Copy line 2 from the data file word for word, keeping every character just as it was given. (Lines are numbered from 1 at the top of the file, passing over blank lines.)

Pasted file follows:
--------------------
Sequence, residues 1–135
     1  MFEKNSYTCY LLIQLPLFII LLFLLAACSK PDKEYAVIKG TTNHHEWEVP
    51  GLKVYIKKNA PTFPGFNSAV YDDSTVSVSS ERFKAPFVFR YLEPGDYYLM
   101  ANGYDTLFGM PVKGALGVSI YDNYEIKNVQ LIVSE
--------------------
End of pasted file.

     1  MFEKNSYTCY LLIQLPLFII LLFLLAACSK PDKEYAVIKG TTNHHEWEVP